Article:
About Caucus







June 3, 2003

Regarding U.S. Narcotics Policy in Colombia

The Honorable Curt Struble
Acting Assistant Secretary for Western Hemisphere Affairs
U.S. Department of State

Good morning. Mr. Chairman, Senator Biden, members of the Caucus, allow me to first express our appreciation for your ongoing interest in and support for our policy towards Colombia. Your consistent availability to visiting Colombian government officials, such as Vice President Santos this morning, and your Congressional delegations to Colombia help sustain crucial support for our Colombia strategy.

My colleague Paul Simons has addressed in detail our counternarcotics policy in Colombia, I would like to offer an update on the current status of U.S.-Colombian relations, and our efforts to bolster regional and international support for President Uribe's goals of attaining peace and strengthening democracy.

Colombia is central to our regional counternarcotics and counterterrorism goals. We are committed to helping President Alvaro Uribe address Colombia's security, economic and narcotics issues, not only because it is in our national interest to do so, but because we recognize the unique, reliable partner we have in President Uribe. He has our full political support. U.S.-Colombian cooperation has never been better. Colombia is producing tangible results and deserves the full support of the region.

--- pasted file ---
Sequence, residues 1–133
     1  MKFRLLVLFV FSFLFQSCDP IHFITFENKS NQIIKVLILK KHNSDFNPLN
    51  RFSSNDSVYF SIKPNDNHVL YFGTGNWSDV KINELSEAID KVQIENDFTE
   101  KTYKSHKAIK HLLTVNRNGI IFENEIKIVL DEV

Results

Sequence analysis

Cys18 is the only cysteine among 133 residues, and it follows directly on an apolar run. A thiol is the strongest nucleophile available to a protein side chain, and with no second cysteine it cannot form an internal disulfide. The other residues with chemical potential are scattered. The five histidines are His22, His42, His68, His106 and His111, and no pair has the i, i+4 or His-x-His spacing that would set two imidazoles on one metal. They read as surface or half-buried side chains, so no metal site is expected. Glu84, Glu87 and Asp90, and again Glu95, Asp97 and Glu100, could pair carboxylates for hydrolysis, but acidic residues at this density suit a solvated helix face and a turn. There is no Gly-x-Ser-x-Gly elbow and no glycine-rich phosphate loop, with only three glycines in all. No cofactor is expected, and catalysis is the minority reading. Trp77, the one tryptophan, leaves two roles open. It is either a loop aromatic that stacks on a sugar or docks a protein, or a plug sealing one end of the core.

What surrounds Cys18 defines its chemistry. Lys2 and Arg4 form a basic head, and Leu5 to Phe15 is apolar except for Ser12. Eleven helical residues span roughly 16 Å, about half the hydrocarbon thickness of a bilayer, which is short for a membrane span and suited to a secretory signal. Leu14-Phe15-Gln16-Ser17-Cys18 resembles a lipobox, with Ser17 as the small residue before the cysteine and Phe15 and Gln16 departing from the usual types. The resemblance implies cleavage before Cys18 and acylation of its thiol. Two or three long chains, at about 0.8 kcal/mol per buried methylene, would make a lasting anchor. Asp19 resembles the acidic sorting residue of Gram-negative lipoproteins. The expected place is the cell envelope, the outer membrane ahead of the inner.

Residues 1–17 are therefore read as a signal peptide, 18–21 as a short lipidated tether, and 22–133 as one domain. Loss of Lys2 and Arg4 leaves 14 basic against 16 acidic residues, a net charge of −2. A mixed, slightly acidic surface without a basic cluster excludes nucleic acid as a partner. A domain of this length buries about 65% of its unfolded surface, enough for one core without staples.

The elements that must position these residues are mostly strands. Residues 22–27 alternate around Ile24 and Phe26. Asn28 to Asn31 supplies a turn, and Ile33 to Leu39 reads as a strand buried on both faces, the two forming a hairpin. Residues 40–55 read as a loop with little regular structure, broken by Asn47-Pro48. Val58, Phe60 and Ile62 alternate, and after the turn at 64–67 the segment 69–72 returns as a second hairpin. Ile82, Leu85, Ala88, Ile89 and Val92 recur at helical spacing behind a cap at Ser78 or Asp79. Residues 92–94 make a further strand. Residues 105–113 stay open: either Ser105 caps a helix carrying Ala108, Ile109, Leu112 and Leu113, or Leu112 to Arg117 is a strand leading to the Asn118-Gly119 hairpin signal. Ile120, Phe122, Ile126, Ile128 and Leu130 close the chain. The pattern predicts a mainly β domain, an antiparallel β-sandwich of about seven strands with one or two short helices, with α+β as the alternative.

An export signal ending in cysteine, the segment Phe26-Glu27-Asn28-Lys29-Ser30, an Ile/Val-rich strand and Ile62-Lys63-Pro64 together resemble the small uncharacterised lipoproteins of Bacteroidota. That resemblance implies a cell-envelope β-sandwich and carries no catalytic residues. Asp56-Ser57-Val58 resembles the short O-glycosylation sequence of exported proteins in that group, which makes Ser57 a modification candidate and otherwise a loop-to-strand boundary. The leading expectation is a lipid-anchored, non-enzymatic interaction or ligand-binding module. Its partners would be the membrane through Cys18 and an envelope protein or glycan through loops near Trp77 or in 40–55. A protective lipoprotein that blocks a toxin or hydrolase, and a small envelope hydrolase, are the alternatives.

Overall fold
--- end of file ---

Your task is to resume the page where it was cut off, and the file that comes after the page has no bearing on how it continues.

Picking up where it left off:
The focused high-level interest in Colombia, supported by the large number of two-way visits, including your Congressional delegations, is a positive contribution to our relationship.

President Uribe has been to Washington three times: once as President-elect (June 2002); then in September 2002; and most recently in early May.

Vice President Santos, Foreign Minister Barco, Defense Minister Ramírez, Peace Commissioner Restrepo, Minister of Commerce Botero, and others have made individual trips to solidify this relationship.

Our Cabinet level visits:

· Secretary Powell traveled to Colombia in December 2002.
· Secretary Snow visited in April 2003.
· USTR Representative Zoellick is planning a trip for July.

President Uribe's first year in office continues to be marked by unprecedented cooperation between Colombia and the United States. Last week (May 28th), Colombia extradited the first FARC terrorist to the U.S. for the kidnapping and murder of three U.S. indigenous rights workers in February/March 1999, bringing the total number of extraditions under Uribe to 44. This is in addition to the 64 extraditions former Colombian President Andrés Pastrana ordered during his presidency. Uribe has sent a clear message to the FARC and other illegal groups that reinforces the rule of law in Colombia: They will be held accountable for their actions.

President Uribe remains a stalwart supporter on Iraq. Even before Operation Iraqi Freedom began, Colombia was key in lining up support before rotating off the UN Security Council last December. As UNSC President, Colombia decided to distribute the Iraqi Declaration to UNSC members with the expertise to assess risks of proliferation first, despite objections by Syria. Three months later, President Uribe expressed solidarity with the U.S. on Iraq at a high political cost because he believes the world must stand up to terrorists.